Over the past few months, we’ve seen an acceleration of digitalization. It’s safe to say not all watchmakers have found it easy to keep up with the pace of change. As a matter of fact, fine watchmaking is a relatively slow industry, focusing more on the long-term. In a COVID context, it is key to find new ways to get to the clients. Therefore, it is no surprise that brands who were able to react quicker to digitalization have been less affected by the crisis.
Sales through digital platforms helped several companies to mitigate the losses generated in the physical shops. Mr. Ravessoud insists a key for the future will be to “have a mix between digital and physical touch points in terms of sales and distribution (Phygital)”. He goes on, “distribution models have to evolve massively and quickly, as digital will become the norm”. Furthermore, an integration of e-commerce into the mix will make it more transparent for customers.
Mr. Ravessoud believes watchmakers need to increase their reactivity. “Before COVID, brands would usually unveil their new products in salons like Basel World or SIHH around March. Sometimes, you had to wait until November or even the year after to find the same watches in a shop and be able to purchase one”. Now, many companies are willing to make their products available for sale as soon as the marketing campaign has been launched. “Even if fine watches are very complicated to produce, it is inevitable that the demand will have to be satisfied much quicker.” As an example, in the last few months, we’ve seen more interactions between brand boutiques and the retailers (multi brand operators) in order to accelerate the distribution process.
On one side, low-end watchmakers have considerably suffered from the crisis as many people lost their purchasing power along with their jobs and the willingness to buy watches. On the other side, high-end watchmakers saw a considerable proportion of demand, only deferred to when buyers could come and purchase the products (revenge shopping). “Despite the crisis, the interest for fine watches is still there” insists Mr. Ravessoud. “In China, for instance, markets have already re-opened and sales are increasing rapidly. We organized an event in Shanghai in September and people were very eager to purchase watches.”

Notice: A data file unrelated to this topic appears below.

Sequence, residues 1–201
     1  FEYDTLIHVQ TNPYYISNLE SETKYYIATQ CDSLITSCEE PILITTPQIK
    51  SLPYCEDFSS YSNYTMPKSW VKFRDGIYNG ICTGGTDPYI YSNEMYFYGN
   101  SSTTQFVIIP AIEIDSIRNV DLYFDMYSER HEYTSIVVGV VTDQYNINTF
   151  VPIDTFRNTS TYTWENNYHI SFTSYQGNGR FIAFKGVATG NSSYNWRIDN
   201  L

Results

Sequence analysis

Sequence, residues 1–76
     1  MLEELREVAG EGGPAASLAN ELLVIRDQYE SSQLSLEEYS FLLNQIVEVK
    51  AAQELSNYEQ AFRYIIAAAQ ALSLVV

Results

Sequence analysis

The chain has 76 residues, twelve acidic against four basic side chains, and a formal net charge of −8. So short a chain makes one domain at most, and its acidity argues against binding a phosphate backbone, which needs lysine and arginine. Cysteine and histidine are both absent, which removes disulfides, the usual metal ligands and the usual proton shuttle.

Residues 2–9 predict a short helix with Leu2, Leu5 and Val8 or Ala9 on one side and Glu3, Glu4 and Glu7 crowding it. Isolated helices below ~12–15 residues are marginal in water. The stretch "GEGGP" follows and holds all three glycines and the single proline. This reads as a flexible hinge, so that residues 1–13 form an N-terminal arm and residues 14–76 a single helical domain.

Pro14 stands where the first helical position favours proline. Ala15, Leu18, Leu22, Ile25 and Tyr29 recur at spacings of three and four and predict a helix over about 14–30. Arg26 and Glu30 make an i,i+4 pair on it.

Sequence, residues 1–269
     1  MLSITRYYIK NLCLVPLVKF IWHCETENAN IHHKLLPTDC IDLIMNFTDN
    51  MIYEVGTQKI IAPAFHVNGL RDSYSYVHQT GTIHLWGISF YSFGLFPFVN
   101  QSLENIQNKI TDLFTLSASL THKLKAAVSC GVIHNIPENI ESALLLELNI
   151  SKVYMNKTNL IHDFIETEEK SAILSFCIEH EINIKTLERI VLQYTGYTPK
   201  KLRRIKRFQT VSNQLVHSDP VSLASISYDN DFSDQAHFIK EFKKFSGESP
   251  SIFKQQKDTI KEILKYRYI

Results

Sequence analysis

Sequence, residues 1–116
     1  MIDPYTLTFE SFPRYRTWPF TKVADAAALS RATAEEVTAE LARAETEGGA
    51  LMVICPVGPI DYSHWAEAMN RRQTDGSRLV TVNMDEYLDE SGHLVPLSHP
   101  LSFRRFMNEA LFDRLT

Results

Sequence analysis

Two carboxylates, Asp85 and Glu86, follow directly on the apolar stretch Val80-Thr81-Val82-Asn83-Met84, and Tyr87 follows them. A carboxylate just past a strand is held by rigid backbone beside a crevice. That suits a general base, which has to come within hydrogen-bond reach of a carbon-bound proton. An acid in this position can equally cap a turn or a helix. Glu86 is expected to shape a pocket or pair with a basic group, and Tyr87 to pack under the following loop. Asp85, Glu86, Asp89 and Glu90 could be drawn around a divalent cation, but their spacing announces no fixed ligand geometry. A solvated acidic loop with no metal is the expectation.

As soon as sanitary measures will ease down in other countries, the global market is likely to recover too. “Digital is fine, it can help, but I think that physical contact with the watches is important. Experiencing a product with your own eyes is pretty different than having a quick look at it through a zoom call.” Recently, many brands have also come up with fresh initiatives and were able to convert customers. It is clear that people are still open to buying convincing and fairly-priced products.
In terms of events, most of them have inevitably been cancelled. Thanks to FHH, digital platforms have been rapidly (less than 6 weeks) put in place for many companies as an alternative to launch new products and continue to sell watches. It was actually well-received by customers. For now, most events planned for 2021 are maintained but it is unclear whether they will happen virtually or in-person. Obviously, everyone still hopes that physical interactions with customers can resume as soon as possible, as digital solutions probably aren’t enough for this kind of product. One big question remains: when will we be able to travel again ?